Apple's 2022 A16 Bionic chip could be made using the 4nm process node
With the release of the Apple iPhone 12 lineup starting last month, the iPhone became the first handset powered by a 5nm chip. The A14 Bionic is designed by Apple, but considering that the company-like most smartphone manufacturers-doesn't own facilities to produce chips, Apple turns that task over to Taiwan Semiconductor Manufacturing Company (TSMC). The latter is the world's largest independent foundry and according to TrendForce (via AppleInsider), it will own close to 60% of the advanced process market by the end of next year.
Apple to reportedly employ 4nm A16 chip for the iPhone in 2022
When we say that the A14 Bionic is a 5nm chip, we are talking about the process node used to manufacture the integrated circuit. This number is based on the number of transistors packed inside a square mm. For example, TSMC's 5nm chips fit 171.3 million transistors inside a square mm compared to 89.97 million transistors sardined into the same dense space inside the 7nm A13 Bionic. Why is this important? Because the higher the transistor density and the lower the process node, the more powerful and energy-efficient the chip is. And looking at the transistor count, there are 8.5 billion used by the A13 Bionic and 11.8 billion inside the A14 Bionic. While the new 5nm Apple M1 is for the Mac, that chip has a whopping 16 billion transistors inside each chip.
Each 5nm A14 Bionic chipset contains 11.8 billion transistors
Apple says that the central processor and the graphics processor on the A14 Bionic are both up to 50% faster than comparable chips currently used on smartphones. Part of that is because the first 5nm chip from Qualcomm, the Snapdragon 875, won't be seen on available handsets until early next year. Huawei's Kirin 9000 chipset was churned out by TSMC until the middle of September when U.S. restrictions kicked in. The Chinese manufacturer is using the IC on its Mate 40 series. Both TSMC and Samsung Foundry are expected to increase their 5nm production next year.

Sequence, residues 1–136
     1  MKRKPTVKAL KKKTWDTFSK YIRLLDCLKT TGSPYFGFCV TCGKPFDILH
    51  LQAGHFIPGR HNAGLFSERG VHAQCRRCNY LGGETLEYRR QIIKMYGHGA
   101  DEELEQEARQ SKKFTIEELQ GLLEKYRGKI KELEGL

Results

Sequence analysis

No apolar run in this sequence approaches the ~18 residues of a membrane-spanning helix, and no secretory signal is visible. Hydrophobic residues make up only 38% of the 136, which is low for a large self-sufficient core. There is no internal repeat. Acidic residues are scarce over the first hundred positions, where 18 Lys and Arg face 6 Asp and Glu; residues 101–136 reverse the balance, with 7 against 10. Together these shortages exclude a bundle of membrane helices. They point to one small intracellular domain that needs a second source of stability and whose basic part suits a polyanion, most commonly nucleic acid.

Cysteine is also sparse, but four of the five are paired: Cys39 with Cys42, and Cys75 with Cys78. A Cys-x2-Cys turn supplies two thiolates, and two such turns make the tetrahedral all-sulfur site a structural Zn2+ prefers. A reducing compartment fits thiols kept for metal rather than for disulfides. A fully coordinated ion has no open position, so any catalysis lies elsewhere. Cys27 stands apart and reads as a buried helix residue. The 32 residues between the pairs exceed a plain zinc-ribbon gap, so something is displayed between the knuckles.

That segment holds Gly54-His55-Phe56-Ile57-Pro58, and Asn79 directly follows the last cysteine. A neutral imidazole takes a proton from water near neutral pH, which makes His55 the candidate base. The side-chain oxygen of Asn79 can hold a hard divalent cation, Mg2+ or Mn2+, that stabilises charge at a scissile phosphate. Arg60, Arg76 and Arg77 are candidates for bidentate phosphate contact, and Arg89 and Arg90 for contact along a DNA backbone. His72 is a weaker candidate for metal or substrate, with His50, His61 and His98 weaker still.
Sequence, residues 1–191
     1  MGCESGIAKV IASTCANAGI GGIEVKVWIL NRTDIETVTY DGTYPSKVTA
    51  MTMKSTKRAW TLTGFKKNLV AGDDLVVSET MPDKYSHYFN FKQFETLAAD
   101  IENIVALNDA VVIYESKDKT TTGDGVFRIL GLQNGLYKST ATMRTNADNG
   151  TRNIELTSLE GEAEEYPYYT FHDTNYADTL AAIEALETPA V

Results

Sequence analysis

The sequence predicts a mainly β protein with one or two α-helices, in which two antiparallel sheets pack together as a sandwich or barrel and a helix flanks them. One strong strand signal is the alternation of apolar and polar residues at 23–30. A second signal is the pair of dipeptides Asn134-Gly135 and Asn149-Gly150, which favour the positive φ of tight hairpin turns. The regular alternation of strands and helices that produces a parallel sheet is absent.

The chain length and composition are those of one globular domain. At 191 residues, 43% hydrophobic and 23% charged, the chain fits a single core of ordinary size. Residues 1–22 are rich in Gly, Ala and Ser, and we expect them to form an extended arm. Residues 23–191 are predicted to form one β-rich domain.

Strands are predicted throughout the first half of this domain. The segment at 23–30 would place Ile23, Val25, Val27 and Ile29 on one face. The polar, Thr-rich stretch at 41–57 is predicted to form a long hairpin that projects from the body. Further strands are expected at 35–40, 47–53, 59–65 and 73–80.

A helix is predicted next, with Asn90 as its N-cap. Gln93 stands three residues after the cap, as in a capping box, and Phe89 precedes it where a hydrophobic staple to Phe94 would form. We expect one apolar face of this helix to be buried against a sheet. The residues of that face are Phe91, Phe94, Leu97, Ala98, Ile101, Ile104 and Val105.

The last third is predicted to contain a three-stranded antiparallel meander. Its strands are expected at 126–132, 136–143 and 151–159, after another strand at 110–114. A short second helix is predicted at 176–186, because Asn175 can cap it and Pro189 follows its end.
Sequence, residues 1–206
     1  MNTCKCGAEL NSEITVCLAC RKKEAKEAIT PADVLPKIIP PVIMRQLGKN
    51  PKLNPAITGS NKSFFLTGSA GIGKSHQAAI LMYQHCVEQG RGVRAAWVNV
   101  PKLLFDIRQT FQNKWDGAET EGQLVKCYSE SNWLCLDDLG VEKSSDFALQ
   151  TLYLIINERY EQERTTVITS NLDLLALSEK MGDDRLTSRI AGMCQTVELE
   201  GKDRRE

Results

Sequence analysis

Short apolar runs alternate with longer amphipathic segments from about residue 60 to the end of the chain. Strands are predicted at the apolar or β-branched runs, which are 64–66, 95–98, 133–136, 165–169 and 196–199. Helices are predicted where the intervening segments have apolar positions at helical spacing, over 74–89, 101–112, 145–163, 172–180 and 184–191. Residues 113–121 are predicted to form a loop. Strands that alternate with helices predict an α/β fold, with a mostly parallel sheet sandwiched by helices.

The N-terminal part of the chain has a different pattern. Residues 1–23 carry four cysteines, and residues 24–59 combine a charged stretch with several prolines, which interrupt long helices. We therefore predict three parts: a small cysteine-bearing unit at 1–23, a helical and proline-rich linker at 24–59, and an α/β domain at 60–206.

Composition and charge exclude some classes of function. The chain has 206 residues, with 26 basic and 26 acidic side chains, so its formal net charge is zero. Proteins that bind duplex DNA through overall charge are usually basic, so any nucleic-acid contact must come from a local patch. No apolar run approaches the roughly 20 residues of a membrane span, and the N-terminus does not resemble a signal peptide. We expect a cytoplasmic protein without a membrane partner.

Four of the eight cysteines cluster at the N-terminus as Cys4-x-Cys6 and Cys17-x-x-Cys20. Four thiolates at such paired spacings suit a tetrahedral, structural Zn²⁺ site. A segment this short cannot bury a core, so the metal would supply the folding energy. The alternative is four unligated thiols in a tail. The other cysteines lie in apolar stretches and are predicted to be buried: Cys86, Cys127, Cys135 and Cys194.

iPhone 4 was powered by the Apple A4 chipset produced by Samsung at its foundry using the 45nm process node.The report from TrendForce takes a look at what we can expect in 2022 from Apple. By 2022, it is believed that Apple will have the A16 Bionic rolling off of TSMC's 4nm assembly line. With the future of Huawei's Kirin line unknown , the first Android phones to match the A16 Bionic will most likely be available in 2023 with the release of the Snapdragon 895. During the second half of 2022, TSMC is scheduled to start mass production of the 3nm process node. Those chips are expected to have a transistor density of 300 transistors per mm2. That would be a 75% hike over the transistor density for TSMC's 5nm chips. To show you how far we've come, 2010's
In 1965, Intel co-founder Gordon Moore observed that the transistor density on chips tended to double nearly every two years. This became known as Moore's Law and was revised by Moore in 1975 to call for a doubling in the transistor density every two years. The increase in this metric from 7nm components to 5nm amounted to 90%. Based on preliminary figures, the increase from the 5nm process node to 3nm will be 75% and there is the concern that we are coming to the end of Moore's Law. Both TSMC and Samsung have road maps to 2nm and there is speculation that R&D is being done on the 1nm process node.
What has helped chipmakers increase transistor density was the invention of extreme ultraviolet lithography (EUV). This technology uses ultraviolet beams to mark up silicon wafers to show where transistors will be placed. Considering that the A14 Bionic employs 11.8 billion transistors, the patterns created by EUV are extremely thin and have helped Moore's Law stay alive.
Next year's iPhone 13 series will be powered by the A15 Bionic which also will use the 5nm process node.